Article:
Nutrition & Food Science

ISSN: 0034-6659

Article publication date: 1 June 2005



Blades, M. (2005), "Editorial", Nutrition & Food Science, Vol. 35 No. 3. https://doi.org/10.1108/nfs.2005.01735caa.001



Emerald Group Publishing Limited

Copyright © 2005, Emerald Group Publishing Limited


Like the rest of the population I watched with horror the news programmes between Christmas and the New Year, which showed the tsunami and the devastation that it wrought.

One of my friends was on holiday in Phuket so that was an added worry and it was wonderful to hear that she and her husband were safe.

So whatever one writes about food seems somewhat trivial in the face of such horrors and loss of life.

But food and nutrition is vital to life and there seems to be so much happening on the nutrition front.

There is the continuing concern about obesity and the bookstalls seem to be full of books about weight loss. Also the magazine racks have magazines with articles, which promise various ways to lose weight. This helps people to keep to their New Year's resolutions to lose some of the weight that they have gained over the Christmas period.

There are all sorts of books on weight loss and soon I look forward to seeing a recipe book which focuses on the Glycaemic Index, that I have been working on with Antony Worrall Thompson (a celebrity chef) and Jane Suthering (a home economist) in the book shops.

The Food Standards Agency have been looking at helping people to understand what compiles a healthy diet and what is in food by looking at food labels. Various mechanisms have been examined to do this and are still being looked at with consumers.

They aim to try to help consumers make healthier food choices about the food they buy. Having looked at the background information required to undertake the calculations it has been an interesting exercise. The food labelling concepts are based on calculating points as allocated from factors which may have less positive health benefits such as energy values, saturated fat, nom-milk extrinsic sugars and sodium per 100€g. These points are added together.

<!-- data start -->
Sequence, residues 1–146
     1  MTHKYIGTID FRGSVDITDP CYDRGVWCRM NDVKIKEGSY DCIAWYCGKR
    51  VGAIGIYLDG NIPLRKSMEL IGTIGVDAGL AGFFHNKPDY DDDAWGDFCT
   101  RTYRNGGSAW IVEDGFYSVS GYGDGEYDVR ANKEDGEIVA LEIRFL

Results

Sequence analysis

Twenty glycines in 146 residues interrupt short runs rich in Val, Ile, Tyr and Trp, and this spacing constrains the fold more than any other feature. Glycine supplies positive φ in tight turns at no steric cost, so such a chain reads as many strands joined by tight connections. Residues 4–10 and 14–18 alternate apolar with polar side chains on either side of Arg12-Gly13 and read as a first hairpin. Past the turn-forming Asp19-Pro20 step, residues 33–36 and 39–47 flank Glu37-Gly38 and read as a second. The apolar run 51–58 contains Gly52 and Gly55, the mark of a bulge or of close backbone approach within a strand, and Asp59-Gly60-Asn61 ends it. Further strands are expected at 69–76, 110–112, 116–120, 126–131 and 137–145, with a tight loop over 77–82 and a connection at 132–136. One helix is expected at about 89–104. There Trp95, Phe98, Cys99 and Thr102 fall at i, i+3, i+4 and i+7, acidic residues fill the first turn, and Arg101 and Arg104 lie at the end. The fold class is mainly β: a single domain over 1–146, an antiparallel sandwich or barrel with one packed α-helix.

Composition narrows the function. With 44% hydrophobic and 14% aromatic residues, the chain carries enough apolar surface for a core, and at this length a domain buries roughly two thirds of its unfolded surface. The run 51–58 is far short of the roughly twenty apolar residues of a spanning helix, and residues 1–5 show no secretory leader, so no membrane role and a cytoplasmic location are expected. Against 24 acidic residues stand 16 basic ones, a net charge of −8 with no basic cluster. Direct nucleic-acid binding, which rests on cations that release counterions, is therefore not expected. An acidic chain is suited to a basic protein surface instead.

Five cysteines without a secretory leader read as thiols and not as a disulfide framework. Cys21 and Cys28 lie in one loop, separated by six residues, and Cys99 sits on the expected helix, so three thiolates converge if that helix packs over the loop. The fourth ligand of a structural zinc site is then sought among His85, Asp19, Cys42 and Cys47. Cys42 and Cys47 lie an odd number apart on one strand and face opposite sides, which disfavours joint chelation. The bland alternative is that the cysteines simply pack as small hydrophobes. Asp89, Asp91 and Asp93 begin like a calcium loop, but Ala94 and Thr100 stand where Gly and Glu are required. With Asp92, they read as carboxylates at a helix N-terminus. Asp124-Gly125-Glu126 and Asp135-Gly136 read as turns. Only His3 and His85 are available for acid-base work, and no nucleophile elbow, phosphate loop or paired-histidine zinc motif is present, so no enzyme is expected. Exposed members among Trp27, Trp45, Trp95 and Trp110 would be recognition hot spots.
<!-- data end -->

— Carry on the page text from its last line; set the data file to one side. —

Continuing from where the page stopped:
Points are also allocated for the amount of calcium, iron, fruit and vegetables in a food and also omega 3 fatty acids found per 100€g of food. These nutrients are the ones, which are considered to have positive benefits and are added together and then subtracted from the points for the former group of nutrients.

Obtaining the information on some of the nutritional content of foods such as calcium, iron and omega 3 fatty acids can be challenging as often they are not available on food packs. Indeed some food packs contain no nutritional information whatsoever as they do not need to provide it unless the manufacturer makes a nutritional claim.

The calculations are reasonably straightforward to do but take a great deal of attention to detail as one extracts information on the nutritional content of foods from food labels and data bases. Therefore I have found that the calculations are quite time consuming to do. Much more detail can be found at http://www.food.gov.u/foodlabelling/researchandreports/signpostingreport.

I have spent some considerable time teaching nutrition to all sorts of groups of people including caterers. These courses on nutrition include helping people to read food labels and I find that this is an area of great difficulty for many people. Therefore while there may be a few initial difficulties as the public get used to a new way of presenting information on food labels anything that helps to ease the interpretation of information on diet will be of help. Also manufacturers may wrestle with the problems of obtaining full nutritional information of their products to put on food labels and this may mean they have to do more chemical analysis.

While the whole aspect of this initiative on food labelling will take time to be fully evaluated and the format to be used may not yet be decided, anything, which helps the public to choose a healthier diet is to be applauded.

Mabel Blades

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